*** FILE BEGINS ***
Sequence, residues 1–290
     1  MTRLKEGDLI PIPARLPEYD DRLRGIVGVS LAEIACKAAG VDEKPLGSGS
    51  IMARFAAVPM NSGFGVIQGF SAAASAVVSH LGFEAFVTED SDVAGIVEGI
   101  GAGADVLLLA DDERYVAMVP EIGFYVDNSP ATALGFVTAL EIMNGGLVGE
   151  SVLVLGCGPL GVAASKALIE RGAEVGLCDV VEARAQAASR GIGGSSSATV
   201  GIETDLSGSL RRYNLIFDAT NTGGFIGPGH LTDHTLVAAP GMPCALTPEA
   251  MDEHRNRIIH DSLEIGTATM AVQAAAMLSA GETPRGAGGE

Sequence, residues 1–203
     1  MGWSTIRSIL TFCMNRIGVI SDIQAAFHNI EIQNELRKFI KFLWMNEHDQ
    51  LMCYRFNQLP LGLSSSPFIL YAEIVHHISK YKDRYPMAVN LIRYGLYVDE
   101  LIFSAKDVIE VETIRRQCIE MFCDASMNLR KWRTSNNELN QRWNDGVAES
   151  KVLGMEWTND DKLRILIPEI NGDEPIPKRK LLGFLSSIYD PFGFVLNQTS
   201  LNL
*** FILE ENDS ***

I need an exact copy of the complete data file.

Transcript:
Sequence, residues 1–290
     1  MTRLKEGDLI PIPARLPEYD DRLRGIVGVS LAEIACKAAG VDEKPLGSGS
    51  IMARFAAVPM NSGFGVIQGF SAAASAVVSH LGFEAFVTED SDVAGIVEGI
   101  GAGADVLLLA DDERYVAMVP EIGFYVDNSP ATALGFVTAL EIMNGGLVGE
   151  SVLVLGCGPL GVAASKALIE RGAEVGLCDV VEARAQAASR GIGGSSSATV
   201  GIETDLSGSL RRYNLIFDAT NTGGFIGPGH LTDHTLVAAP GMPCALTPEA
   251  MDEHRNRIIH DSLEIGTATM AVQAAAMLSA GETPRGAGGE

Sequence, residues 1–203
     1  MGWSTIRSIL TFCMNRIGVI SDIQAAFHNI EIQNELRKFI KFLWMNEHDQ
    51  LMCYRFNQLP LGLSSSPFIL YAEIVHHISK YKDRYPMAVN LIRYGLYVDE
   101  LIFSAKDVIE VETIRRQCIE MFCDASMNLR KWRTSNNELN QRWNDGVAES
   151  KVLGMEWTND DKLRILIPEI NGDEPIPKRK LLGFLSSIYD PFGFVLNQTS
   201  LNL